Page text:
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Making Your Own Baby Food

With the right ingredients and kitchen equipment, making your own baby food can be very easy. This is a guide about making your own baby food.
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February 1, 20113 found this helpful

My husband and I had our first child while he was (and is) still in school. We chose to make our own baby food. This was no small task, given that I work full time and he goes to school full time. But it was worth it!

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I bought frozen veggies at my grocer when they were on sale at 10 for 10, or on sale fresh. I steamed them, which keeps most of the nutrients. I'd put the vegetables in a food processor or blender with a little cooking liquid and puree. (When he was very young and first being introduced to solids, I would then put through a strainer as well.) I adjusted the puree texture as my baby got older and had more teeth. I would freeze portions in ice cube trays.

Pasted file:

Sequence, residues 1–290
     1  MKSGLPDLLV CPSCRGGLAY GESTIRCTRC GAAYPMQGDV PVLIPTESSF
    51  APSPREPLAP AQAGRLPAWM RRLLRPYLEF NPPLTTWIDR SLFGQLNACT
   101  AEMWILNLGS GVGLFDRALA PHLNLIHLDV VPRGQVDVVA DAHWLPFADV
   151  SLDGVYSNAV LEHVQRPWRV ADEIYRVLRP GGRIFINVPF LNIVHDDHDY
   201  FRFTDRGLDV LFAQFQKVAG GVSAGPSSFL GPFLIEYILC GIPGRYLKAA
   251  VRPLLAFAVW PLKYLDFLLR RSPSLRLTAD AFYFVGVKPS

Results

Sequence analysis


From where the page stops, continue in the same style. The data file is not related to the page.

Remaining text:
I never used salt (it can ruin a baby's kidneys) or sugar, but after about 8 months I began using many of the herbs and spices that we use regularly in our home. As my son got older, I was able to introduce many more types of fruits and vegetables to him using this method than what is available in traditional store-bought baby food. As a result, my son eats many more types of fruits and vegetables than many children his age!